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Work of the Week: Van Dyck

Portrait prints are portraits that can be easily reproduced, as opposed to a painting. Since the portrait print could be copied so easily, it implied that the subject had mass appeal and the print would be highly desired. In 17th-century Europe, they usually featured internationally recognized figures like monarchs, diplomats, and scholars. 

Many artists would also create self-portrait prints. The image above opens the exhibition Van Dyck, Rembandt, and the Portrait Print and was created by Anthony van Dyck, a 17th-century Flemish artist. While Van Dyck was best known as a painter of royal subjects, he also created a wide variety of prints and this particular example was widely considered to be Van Dyck's greatest triumph in the etching medium.

As in a number of his self-portraits, he has turned his back on the viewer and seems to turn around at the last second. While his head is in the upper third of the composition, he has dramatically left the rest of the paper blank. As exhibition curator Victoria Sancho Lobis says, "Van Dyck made a revolutionary decision to create this portrait in a completely abbreviated fragmentary state...and that creates this very dramatic contrast of a highly finished description of the face with this completely unprinted area of the paper below it."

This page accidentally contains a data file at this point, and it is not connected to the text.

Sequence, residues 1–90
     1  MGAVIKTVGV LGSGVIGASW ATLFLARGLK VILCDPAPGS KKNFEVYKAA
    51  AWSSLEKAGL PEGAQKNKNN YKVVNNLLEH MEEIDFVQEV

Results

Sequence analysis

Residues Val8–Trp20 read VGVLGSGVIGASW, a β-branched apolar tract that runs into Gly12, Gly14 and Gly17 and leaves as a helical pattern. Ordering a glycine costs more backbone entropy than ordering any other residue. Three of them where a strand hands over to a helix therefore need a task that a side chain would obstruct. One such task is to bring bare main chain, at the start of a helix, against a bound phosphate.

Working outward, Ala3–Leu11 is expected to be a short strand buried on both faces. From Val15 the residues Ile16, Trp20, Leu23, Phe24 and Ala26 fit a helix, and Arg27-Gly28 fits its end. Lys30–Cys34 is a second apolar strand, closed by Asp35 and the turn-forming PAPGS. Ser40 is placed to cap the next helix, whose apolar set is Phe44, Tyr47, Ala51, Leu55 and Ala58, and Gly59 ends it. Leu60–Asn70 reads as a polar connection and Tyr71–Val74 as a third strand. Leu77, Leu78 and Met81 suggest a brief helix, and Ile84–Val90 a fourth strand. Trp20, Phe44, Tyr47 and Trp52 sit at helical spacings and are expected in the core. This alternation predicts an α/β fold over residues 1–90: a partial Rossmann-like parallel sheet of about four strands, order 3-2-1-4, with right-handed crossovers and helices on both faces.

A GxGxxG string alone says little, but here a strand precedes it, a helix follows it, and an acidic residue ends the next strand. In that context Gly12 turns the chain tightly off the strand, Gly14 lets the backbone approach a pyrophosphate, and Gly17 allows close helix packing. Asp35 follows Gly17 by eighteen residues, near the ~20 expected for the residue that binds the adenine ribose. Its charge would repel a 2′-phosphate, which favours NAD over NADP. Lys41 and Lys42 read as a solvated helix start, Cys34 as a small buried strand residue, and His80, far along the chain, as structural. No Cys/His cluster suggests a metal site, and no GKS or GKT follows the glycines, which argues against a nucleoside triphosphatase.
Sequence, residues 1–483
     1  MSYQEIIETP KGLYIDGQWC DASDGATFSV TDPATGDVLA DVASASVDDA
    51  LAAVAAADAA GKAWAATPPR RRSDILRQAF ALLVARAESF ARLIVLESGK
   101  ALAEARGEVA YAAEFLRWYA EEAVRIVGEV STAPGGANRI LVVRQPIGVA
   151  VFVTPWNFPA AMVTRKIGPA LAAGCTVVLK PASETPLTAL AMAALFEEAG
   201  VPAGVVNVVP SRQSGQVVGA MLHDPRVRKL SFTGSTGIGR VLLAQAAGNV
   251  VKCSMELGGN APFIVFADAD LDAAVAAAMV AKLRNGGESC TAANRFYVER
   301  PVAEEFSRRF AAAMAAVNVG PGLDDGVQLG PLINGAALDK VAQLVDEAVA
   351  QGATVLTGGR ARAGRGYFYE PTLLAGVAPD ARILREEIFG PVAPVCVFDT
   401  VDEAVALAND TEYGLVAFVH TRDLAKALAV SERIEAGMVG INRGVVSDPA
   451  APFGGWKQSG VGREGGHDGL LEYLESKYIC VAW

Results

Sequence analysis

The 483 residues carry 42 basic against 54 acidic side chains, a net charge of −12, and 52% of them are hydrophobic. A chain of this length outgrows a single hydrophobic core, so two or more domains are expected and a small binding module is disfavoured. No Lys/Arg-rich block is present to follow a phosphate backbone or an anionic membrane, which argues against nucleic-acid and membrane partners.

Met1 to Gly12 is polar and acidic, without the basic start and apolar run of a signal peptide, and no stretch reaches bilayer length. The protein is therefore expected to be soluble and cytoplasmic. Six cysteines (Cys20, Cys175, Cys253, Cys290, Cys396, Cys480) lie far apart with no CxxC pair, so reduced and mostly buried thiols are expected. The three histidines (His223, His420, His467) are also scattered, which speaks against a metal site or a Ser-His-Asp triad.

As Van Dyck would have hoped, this print became highly desired among collectors almost immediately and was quoted in other prints and paintings. Learn more about how Van Dyck transformed expectations of what a portrait print could be and served to influence future generations of artists in Van Dyck, Rembrandt, and the Portrait Print, on view through August 7. 

Anthony van Dyck. Self-Portrait, 1630/33. Clarence Buckingham Collection.